MORT'S MAILBAG | Aug. 29
Q: Recently, you said that San Francisco 49ers WR Terrell Owens wants a cash-rich organization that isn't in a stadium crisis (Owens can become a free agent in 2004). The team that instantly pops up here, to me, is the Philadelphia Eagles. They're always managing their cap well, and they have the newest stadium. Is there a shot that Philly will land Owens this offseason? -- Mark Green, Philadelphia
MORT -- I wouldn't get my hopes up (by the way, I said that Owens' salary demands require a cash-rich organization). Knowing coach Andy Reid and the value he places on team chemistry, I don't see Owens as a fit. The Eagles also have a formula for not over-investing in players 30-and-over, and Owens will be 30 on Dec. 7 (although WRs can do very well in this age bracket -- see Jerry Rice and Tim Brown with the Oakland Raiders). And they might see Owens also as breaking down their salary-cap discipline. But, hey, we've got a full season to play before we worry about that, right?
|Where will Terrell Owens be catching passes in 2004? Stay tuned.|
Q: AFC East teams will probably beat each other up this year and prevent any one team from going deep in the playoffs. Do you think the Miami Dolphins can overcome late-season letdowns or will the Buffalo Bills have what it takes to win the division? Also, the QB situation with the New York Jets hurts them, and I think the New England Patriots have serious line problems. -- Las Vegas, Nevada
MORT -- I don't think this is about Miami's late-season letdowns. They're either going to be good enough or they're not. The division is tough, but what's new about that? I believe the Bills are for real and capable of winning the division. I disagree with you on New England -- the Patriots may be the team to beat. I think the Dolphins should be right in the mix, but it's out of line to label Miami as a lock favorite in the AFC East. They have some great players, some good ones, and some issues ... like most of the good teams in this league.
Q: Steve Tasker is on the Pro Football Hall of Fame's All-Time NFL Team, is a seven-time Pro Bowler, was the MVP of a Pro Bowl and played in four Super Bowls. Should he be elected to the HOF? -- John, Springfield, Ohio
MORT -- I lean in favor of the idea that Tasker one day should be elected to the Hall of Fame. He was such an integral player on some great Buffalo teams (his overall career spanned 1985-97). And if we are to believe that special teams is one-third of the game, then why shouldn't the greatest (arguably) special teams player of this era be a Hall of Famer? Now, there are still a lot of great every-down players who also contributed to special teams that haven't been elected, so it can be a sensitive issue to those guys. It may take awhile before Tasker becomes a serious candidate, and that's all right. But I say he belongs in there.
Q: Do you really think the Indianapolis Colts can go deep into the playoffs this year? Or do you think they still lack one more big-play receiver? I think the defense is a lot better, but I would have liked them to get another strong LB! -- Mike Gibson, Indiana
MORT -- Well, even though the Colts' 2002 season ended poorly, it did end in the playoffs. I see them as a better team in 2003. The offense should be more productive point-wise with Edgerrin James back in form. In terms of receivers, I think Peyton Manning now has better targets, especially with the addition of rookie TE Dallas Clark. Reggie Wayne will be better, but a sleeper is ex-Raven Brandon Stokley. Of course, there's always Marvin Harrison. The defense has another year of experience. They have some speed, but are they physical enough for a 16-plus-game season?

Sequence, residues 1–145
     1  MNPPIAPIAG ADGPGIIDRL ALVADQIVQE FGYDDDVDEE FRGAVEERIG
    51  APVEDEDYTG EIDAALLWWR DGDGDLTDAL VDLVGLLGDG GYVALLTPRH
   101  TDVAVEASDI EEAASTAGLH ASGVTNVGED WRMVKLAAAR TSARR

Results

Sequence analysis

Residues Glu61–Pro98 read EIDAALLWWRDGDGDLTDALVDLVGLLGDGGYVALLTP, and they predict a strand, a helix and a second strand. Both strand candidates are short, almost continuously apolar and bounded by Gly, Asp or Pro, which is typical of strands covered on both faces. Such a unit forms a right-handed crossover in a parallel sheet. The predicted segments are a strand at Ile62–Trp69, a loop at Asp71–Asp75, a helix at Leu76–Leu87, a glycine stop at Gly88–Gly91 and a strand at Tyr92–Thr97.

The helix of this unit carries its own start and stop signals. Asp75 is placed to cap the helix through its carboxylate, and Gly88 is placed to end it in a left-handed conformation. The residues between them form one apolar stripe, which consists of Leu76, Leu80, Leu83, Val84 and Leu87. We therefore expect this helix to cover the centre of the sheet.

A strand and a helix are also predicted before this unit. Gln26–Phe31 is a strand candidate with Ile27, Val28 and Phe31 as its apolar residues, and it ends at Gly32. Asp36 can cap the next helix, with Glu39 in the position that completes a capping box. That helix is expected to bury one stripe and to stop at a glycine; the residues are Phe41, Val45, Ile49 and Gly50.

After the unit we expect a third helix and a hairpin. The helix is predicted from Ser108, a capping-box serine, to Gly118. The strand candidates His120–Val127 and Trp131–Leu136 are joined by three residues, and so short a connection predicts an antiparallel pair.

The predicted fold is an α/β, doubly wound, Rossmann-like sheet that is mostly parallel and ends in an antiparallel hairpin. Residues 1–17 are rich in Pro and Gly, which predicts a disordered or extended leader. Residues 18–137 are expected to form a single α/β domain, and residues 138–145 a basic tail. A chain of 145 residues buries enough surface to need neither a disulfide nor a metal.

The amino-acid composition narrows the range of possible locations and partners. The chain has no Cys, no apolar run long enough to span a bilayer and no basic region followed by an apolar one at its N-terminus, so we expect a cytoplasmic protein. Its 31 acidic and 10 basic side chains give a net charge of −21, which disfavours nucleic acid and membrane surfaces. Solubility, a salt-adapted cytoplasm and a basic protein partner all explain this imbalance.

Q: The injury to Michael Vick brings up some questions about the field in the Georgia Dome. On a similar surface in Seattle last year, the Seahawks lost seven of their players for the season due to injuries. In fact, Seattle's starters missed 20 percent more games than the starters of the second-most injured team (Cincinnati).
I would say that FieldTurf's claim that their surface is safer is a bit premature. In fact, if you looked closely at the TV replay, you saw the rubber and sand infill "splash" up on both sides of Vick's shoe. This leaves a divot on the surface much like a well-hit pitching wedge on natural turf. I've walked on several "infilled" turf fields (FieldTurf and other products) and they are pockmarked with such divots.
Also, the infilled synthetic turf fields are regarded in the industry as "slow tracks." Players like the surfaces because they are softer and less abrasive to play on. But they can't run as fast and lose a bit of quickness on these surfaces. This will make it more difficult for players such as Vick to elude defensive lineman. Teams that depend on speed and quickness are better off on fields that do not have infill mixtures on top of the turf. -- Jim Siegle, Dalton, Georgia
MORT -- Jim, I'm not going to challenge you (yet) on some of your points, but I have not heard any similar claims about the surface. In fact, Seattle's field was voted No. 3 by players as the best (and safest) playing surface in the NFL -- that includes all grass fields.
Also, that thing about being a "slow" surface for a guy like Vick can be challenged. Vick himself said he likes the traction and feels fast on it. But as long as everybody is playing on the same surface, speed is relative. Mike Vick on a slow turf is still going to be three steps faster than some linebacker on the same slow turf. Then again, you are from the carpet capital of the world (Dalton, Ga.), so I have given you this forum!